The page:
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Lition, the decentralized energy market based on Ethereum [ETH] that illuminates Germany

Lition, the decentralized energy market based on Ethereum [ETH] that illuminates Germany

A little known decentralized energy marketplace built on top of the Ethereum [ETH] blockchain has just secured an operating license in Germany. Launched earlier this year, Lition aims to cut out the middlemen in the energy ecosystem and allows consumers to purchase energy directly from the producers.

Currently, Lition works in 12 Germany cities including Berlin, Hamburg, and Munich servicing as many as 700 households. Making use of the Ethereum blockchain allows the project to connect two parties without the need for the middlemen which more often than not inflate the energy supply prices.

Lition is on a mission to save energy consumers money. First of all, intermediaries purchase energy from producers then add their margin profits to the energy costs thereby inflating the final cost. Next, Lition focusses on supporting renewable energy producers from sources such as wind and solar. Purchasing this energy directly from the producer through the blockchain is not only cheap but also the Ethereum blockchain offers a transparent medium.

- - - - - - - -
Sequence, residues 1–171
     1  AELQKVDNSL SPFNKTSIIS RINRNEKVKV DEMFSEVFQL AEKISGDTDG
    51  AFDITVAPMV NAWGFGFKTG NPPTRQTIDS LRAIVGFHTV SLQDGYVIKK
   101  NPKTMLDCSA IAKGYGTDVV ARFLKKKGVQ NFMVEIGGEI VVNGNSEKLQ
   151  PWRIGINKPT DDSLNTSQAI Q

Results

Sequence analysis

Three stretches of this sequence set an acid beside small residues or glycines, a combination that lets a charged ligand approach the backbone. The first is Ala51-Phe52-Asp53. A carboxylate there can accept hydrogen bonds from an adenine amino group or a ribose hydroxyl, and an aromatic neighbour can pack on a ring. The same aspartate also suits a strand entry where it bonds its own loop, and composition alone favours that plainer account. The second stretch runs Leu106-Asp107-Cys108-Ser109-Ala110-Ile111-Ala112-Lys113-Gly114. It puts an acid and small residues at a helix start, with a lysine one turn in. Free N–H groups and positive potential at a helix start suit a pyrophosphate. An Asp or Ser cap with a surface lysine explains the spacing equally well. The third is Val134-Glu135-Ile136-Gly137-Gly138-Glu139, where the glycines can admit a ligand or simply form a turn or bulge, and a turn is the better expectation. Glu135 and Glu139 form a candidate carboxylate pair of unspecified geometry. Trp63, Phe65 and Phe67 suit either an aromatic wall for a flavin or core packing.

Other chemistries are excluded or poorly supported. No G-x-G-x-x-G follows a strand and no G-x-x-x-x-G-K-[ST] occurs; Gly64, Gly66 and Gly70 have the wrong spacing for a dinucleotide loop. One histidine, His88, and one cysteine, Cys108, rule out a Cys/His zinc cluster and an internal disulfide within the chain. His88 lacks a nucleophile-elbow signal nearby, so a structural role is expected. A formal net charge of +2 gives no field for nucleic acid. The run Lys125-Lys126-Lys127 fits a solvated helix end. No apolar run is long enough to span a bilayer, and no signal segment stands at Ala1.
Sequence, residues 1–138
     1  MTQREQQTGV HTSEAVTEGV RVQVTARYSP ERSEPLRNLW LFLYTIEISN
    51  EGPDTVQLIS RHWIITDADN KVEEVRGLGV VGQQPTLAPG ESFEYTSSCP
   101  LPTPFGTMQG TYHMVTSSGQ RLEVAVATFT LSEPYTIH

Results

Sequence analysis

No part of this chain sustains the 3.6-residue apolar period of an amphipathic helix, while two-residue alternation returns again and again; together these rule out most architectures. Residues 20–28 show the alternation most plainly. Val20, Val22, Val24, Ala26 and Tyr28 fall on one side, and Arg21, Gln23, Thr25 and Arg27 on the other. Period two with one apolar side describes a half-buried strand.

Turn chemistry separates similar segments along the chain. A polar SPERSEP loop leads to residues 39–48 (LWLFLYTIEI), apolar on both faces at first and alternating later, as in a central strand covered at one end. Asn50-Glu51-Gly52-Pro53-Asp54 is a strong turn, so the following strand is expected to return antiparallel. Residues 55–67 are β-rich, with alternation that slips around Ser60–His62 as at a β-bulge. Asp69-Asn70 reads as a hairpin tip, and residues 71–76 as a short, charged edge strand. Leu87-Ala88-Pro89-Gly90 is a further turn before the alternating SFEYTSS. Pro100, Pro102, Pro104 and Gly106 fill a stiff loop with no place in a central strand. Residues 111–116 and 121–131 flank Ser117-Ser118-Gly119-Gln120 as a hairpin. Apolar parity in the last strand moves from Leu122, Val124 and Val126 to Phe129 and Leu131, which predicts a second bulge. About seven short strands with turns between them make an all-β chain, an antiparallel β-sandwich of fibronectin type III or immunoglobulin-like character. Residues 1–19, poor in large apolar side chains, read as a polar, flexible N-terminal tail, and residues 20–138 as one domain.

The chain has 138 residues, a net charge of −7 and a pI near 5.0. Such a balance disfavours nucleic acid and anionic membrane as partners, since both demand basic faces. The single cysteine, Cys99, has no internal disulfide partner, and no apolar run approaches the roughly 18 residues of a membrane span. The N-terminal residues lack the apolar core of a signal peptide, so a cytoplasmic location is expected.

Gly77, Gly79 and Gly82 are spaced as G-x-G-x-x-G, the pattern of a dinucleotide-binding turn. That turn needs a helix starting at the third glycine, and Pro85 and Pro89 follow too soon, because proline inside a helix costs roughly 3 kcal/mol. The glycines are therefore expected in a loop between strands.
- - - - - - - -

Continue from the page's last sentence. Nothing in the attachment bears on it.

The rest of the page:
Payment on the Lition marketplace is processed in Euros and the engagement between the producers and consumers is controlled through the use of a smart contract. The smart contract also controls the energy ‘faucet’ which allows the consumer to access the electricity after making payment. The smart contract also allows consumers to choose between the different sources of renewable energy. The choices include biomass, solar, or wind energy. The consumer also has a choice from whom they would like to purchase the energy.



Richard Lohwasser, the CEO of Lition said that,

“Our energy exchange connects customers and producers directly. Producers put their energy on the exchange and then customers can buy it.”

Adding to this comment, he said

“Usually buying directly from producers is limited to energy suppliers that are big corporations. We’re bringing the exchange to the consumer, so consumers can pay for the energy they want.”

It is exciting to have a fully functional product solving real-world problems that are utilizing blockchain technology but according to Lohwasser, the technology is not yet ready for mainstream adoption. He thinks that Ethereum blockchain is too slow. According to him,

“Ethereum is not a good system. It’s very slow. It takes 20 to 30 seconds to tell a customer whether they can buy energy or not … [Other blockchains] have their drawbacks.”